Thanks for stopping by, Tracey! In my view, Madonna's greatest talent lies in her ability to promote herself and her reinvention is all a part of it. When her public seems to be tiring of an image, she changes it. Marie Antoinette changed her appearance through fashion for different reasons at different times in her life. She famously said "I am terrified of being bored," and that was one reason. Another was when her p.r. was bad, she reconceived her image. Criticized for her extravagance, she began dressing like a milkmaid. Criticized for dressing like a milkmaid (and infuriating the French silk merchants), and later deciding that once she hit the age of 30 she was too old to pull off the filmy virginal "Gaulles," she began dressing in simple, regal velvet gowns in jewel tones.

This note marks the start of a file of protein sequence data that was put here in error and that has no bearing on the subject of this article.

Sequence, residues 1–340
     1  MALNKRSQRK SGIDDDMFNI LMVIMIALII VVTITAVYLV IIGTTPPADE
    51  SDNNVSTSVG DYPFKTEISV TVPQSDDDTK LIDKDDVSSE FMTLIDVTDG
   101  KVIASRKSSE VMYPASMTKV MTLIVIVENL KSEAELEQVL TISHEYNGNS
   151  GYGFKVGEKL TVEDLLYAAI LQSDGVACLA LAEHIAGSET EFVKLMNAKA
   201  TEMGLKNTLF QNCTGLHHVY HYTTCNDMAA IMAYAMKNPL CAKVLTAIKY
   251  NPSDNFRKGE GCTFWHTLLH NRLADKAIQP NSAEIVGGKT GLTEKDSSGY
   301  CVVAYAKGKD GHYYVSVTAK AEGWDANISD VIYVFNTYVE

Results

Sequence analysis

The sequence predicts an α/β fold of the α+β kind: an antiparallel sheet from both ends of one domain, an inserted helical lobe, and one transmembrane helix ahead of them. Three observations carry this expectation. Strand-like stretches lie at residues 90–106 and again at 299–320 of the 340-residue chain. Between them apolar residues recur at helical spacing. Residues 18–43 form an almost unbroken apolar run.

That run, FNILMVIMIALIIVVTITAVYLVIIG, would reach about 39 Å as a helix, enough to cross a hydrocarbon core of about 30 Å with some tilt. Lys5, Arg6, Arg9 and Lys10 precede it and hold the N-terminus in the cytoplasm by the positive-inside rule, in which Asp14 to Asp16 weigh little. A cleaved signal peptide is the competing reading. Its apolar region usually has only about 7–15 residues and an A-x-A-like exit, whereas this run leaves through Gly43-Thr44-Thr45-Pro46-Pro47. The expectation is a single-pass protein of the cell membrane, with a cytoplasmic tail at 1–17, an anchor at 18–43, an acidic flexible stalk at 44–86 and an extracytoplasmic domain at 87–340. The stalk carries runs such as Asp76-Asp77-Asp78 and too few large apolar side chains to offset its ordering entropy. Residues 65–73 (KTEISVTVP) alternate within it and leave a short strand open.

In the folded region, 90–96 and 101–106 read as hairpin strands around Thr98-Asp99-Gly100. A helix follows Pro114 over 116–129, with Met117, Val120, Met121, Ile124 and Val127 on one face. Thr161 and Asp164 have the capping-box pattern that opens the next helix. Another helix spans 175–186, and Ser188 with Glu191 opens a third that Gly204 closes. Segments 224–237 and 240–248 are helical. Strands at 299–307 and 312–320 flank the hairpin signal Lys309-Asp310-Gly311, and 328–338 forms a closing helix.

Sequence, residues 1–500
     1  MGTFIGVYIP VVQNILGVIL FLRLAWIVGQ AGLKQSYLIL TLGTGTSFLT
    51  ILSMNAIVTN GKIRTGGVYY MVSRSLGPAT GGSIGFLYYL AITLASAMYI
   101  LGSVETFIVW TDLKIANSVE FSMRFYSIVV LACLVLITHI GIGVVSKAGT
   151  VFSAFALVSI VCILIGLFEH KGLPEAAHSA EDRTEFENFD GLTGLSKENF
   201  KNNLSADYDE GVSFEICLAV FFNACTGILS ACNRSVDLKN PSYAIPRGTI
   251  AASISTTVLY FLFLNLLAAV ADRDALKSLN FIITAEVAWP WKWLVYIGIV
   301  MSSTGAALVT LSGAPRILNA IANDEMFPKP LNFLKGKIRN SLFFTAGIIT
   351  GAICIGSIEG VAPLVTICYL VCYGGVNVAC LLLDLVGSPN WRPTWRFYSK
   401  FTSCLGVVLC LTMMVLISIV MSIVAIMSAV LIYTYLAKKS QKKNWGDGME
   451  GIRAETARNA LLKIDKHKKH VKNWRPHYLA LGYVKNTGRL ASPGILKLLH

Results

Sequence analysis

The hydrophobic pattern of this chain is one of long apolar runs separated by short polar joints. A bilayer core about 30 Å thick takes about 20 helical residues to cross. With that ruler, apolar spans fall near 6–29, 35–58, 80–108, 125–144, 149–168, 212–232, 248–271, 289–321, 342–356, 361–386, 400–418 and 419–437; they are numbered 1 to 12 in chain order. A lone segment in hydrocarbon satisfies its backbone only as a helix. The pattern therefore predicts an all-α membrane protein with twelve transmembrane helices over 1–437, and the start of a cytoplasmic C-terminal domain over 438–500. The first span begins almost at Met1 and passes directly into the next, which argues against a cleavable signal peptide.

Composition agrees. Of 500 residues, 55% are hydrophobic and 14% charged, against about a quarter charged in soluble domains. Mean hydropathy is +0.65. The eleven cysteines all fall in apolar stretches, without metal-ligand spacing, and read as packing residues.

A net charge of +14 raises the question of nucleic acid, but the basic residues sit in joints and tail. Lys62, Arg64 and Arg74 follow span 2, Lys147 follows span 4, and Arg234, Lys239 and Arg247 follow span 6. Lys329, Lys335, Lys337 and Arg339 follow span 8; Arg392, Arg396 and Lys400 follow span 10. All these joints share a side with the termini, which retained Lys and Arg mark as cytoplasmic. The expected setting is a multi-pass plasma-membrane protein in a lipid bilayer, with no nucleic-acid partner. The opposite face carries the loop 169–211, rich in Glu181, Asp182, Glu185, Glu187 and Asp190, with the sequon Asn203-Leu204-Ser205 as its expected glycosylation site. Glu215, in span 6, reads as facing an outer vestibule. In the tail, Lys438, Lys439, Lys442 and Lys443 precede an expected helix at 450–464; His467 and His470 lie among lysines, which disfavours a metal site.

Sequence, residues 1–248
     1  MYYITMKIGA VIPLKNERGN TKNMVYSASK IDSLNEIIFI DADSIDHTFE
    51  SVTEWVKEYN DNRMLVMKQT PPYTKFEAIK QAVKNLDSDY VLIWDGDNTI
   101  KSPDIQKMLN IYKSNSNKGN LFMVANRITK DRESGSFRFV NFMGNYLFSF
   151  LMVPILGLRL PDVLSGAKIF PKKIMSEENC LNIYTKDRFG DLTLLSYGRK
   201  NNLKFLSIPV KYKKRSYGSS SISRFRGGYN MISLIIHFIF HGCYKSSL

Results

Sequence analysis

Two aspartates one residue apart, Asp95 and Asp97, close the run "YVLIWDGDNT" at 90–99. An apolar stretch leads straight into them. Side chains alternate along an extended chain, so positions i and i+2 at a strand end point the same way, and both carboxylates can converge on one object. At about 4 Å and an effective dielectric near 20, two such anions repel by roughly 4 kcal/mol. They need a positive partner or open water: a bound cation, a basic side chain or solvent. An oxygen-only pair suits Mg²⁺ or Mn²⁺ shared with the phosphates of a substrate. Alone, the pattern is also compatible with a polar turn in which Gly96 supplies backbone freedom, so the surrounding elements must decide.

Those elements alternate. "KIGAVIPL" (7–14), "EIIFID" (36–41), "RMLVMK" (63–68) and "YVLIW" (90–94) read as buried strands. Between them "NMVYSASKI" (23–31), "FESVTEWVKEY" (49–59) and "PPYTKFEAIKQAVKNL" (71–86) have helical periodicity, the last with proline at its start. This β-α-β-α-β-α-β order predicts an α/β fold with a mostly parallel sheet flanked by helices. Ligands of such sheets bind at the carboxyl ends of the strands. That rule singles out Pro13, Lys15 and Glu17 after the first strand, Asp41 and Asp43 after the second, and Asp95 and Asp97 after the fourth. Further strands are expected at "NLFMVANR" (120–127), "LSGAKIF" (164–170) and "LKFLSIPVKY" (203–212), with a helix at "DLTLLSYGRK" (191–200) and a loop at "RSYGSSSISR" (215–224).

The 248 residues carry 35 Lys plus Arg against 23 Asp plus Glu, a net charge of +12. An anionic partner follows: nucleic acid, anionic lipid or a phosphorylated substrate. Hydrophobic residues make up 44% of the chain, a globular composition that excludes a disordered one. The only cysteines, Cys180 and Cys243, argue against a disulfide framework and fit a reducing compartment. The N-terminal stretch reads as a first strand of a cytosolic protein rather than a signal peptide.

5:35 PM  
Blogger elena maria vidal said...

Wonderful post! A Happy Birthday to our Queen!

6:03 PM  
Blogger Isobel Carr said...

I've always found her to be a very sympathetic character. If not for the stupidity of her husband, it's quite likely she and the children would have escaped and then returned to reign again.

6:20 PM  
Anonymous kathrynn dennis said...

I am curious, Leslie---why is she so often depicted with hair (wigs) that were grey? Was grey the fashion? I see sometimes the wigs were white, but apparently grey hair, even grey wigs, were not considered a sign of aging.

8:22 PM  
Blogger Leslie Carroll said...

Welcome, Elena Maria! I'm so glad to see you here. For my fellow hoydens and readers, Elena Maria Vidal is the author of a beautiful, lyrical novel of Marie Antoinette and the other women in her life, titled TRIANON.